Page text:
Moshe9362 - 7 months ago 9
Java Question

# why for some values there is an infinity result but no for others?

today i tried to check if Integer.MAX_VALUE*Integer.MAX_VALUE

``````    System.out.println("long*long= "+Long.MAX_VALUE*Long.MAX_VALUE);
System.out.println("int*int= "+Integer.MAX_VALUE*Integer.MAX_VALUE);
System.out.println("double*double= "+Double.MAX_VALUE*Double.MAX_VALUE);
System.out.println("float*float= "+Float.MAX_VALUE*Float.MAX_VALUE);
System.out.println("short*short= "+Short.MAX_VALUE*Short.MAX_VALUE);
``````

the results:

long*long= 1

int*int= 1

double*double= Infinity

float*float= Infinity

short*short= 1073676289

why is that? if float^2=Infinity, so long^2 should also be Infinity... and 1 is clearly a mistake...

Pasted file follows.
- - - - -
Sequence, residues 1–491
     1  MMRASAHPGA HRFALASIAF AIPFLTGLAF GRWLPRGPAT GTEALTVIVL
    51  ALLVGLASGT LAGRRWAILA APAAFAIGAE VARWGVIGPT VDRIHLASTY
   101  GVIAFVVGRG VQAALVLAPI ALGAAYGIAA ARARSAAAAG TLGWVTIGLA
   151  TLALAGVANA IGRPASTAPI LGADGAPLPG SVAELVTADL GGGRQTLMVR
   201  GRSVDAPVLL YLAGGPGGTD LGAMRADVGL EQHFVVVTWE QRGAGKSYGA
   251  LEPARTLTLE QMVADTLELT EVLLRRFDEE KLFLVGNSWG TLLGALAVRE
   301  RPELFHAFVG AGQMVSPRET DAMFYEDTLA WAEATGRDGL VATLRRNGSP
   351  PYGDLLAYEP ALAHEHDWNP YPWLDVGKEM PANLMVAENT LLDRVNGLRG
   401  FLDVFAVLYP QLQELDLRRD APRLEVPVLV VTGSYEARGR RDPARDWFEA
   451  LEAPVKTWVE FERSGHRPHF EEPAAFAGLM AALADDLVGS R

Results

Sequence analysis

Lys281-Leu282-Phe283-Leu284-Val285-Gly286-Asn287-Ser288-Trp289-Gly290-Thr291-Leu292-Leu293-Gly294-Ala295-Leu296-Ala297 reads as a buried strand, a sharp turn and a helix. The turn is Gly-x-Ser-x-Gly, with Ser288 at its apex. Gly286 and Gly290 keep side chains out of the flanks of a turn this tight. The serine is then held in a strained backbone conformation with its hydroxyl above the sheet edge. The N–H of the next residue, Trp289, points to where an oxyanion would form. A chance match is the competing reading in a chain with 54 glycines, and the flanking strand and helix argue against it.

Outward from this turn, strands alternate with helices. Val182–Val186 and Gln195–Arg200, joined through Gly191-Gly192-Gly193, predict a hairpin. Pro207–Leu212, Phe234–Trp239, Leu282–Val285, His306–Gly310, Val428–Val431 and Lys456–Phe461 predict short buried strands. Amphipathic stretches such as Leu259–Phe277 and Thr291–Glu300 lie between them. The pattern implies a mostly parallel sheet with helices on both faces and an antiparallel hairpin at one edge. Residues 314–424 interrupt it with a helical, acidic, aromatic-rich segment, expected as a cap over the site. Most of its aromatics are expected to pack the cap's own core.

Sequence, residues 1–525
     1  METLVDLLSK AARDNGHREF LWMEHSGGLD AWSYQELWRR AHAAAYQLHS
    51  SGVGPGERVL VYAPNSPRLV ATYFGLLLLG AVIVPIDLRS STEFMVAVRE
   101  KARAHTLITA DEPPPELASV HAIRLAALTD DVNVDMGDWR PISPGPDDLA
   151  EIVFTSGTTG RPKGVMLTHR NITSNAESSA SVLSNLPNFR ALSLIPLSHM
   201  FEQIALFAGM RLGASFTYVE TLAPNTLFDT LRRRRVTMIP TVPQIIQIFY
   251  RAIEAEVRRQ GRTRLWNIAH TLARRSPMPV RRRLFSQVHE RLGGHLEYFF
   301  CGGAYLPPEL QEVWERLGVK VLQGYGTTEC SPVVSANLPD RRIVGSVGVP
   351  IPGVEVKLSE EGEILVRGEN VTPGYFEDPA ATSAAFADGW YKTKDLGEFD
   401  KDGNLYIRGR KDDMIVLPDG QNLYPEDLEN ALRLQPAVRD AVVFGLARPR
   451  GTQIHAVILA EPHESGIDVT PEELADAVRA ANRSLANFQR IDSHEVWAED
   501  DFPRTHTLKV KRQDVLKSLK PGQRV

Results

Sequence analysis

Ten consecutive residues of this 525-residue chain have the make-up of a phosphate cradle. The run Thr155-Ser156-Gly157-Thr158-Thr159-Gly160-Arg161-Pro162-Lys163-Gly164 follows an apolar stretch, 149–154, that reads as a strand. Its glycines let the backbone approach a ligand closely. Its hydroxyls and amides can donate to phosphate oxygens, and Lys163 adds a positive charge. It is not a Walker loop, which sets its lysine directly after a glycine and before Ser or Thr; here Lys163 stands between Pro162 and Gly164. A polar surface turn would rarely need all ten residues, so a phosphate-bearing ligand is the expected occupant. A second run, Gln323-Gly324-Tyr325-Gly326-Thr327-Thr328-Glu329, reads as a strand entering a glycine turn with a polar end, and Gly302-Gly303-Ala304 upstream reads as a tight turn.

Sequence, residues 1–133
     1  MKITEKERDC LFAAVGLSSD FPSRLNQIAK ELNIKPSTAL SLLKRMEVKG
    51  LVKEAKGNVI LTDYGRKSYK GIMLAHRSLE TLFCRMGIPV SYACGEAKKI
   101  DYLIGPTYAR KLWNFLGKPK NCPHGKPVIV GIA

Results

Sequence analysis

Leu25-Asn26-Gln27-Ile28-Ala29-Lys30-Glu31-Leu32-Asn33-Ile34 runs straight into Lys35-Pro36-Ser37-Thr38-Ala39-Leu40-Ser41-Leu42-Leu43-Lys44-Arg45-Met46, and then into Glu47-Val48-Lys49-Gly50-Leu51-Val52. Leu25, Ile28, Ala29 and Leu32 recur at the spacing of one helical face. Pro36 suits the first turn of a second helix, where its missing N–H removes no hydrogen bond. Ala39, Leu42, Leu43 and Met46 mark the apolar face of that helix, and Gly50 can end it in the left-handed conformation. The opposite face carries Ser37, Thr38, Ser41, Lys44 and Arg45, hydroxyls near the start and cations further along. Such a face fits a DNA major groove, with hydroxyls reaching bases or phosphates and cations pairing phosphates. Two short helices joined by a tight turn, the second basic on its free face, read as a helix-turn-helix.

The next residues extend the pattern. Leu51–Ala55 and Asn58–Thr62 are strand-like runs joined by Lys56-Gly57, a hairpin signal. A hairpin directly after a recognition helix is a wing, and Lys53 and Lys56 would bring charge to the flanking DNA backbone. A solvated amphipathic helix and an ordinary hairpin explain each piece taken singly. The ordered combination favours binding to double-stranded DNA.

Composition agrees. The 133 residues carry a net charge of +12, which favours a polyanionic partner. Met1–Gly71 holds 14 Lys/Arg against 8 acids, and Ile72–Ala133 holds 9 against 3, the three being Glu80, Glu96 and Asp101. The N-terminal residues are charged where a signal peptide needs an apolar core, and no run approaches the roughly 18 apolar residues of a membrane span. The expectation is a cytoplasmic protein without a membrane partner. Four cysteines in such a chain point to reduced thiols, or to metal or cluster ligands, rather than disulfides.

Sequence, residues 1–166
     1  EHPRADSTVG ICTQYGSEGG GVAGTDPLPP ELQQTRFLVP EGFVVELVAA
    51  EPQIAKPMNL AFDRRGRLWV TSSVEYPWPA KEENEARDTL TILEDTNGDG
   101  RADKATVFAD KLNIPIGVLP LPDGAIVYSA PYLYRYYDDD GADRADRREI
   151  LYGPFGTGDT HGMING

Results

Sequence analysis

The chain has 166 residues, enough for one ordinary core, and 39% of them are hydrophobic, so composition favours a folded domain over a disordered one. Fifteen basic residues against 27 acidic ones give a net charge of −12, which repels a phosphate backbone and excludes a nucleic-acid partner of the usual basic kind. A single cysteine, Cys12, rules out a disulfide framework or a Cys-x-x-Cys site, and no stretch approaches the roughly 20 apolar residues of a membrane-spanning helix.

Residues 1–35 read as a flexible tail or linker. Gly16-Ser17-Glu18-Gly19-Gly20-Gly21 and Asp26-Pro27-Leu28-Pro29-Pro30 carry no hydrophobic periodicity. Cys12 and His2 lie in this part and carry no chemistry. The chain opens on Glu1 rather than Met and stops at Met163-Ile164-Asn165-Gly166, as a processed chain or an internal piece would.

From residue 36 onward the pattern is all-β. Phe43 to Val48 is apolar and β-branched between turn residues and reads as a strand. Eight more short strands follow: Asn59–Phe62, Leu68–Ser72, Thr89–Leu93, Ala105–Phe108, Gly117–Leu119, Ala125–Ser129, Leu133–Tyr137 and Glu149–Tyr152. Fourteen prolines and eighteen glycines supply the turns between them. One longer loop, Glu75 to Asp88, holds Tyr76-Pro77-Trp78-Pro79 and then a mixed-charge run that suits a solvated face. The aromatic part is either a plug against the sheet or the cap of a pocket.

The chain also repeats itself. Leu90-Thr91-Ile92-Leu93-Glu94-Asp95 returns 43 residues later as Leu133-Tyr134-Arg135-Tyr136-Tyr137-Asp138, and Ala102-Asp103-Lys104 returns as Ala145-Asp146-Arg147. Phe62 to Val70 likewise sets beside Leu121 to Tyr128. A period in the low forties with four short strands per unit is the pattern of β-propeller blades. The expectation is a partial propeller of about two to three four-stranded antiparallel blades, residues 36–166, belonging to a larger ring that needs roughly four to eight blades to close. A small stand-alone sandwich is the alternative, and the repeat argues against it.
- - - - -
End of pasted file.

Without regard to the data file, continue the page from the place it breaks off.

anyone have any idea? tnx

For seeing how integers multiply, use the binary notation. For simplicity's sake I use a 4 bit signed integer (where the MAX is 7), but the principle is the same for byte, short, int and long.

``````      0111 x 0111
----
0111
0111
0111
-------
110001

The columns from right to left:
1) 1 => 1
2) 1+1 => 10 => 0 and carry 1c into 3)
3) 1+1+1+1c => 100 => 0 and carry 1c into 5) (sic! 5)
4) 1+1 => 10 => 0 and carry 1c into 5)
5) 1+1c+1c => 11
``````

Higher order bits are irrelevant because truncated.

This isn't even a peculiarity of Java - it is the consequence of two's complement arithmetic modulo^(number of bits).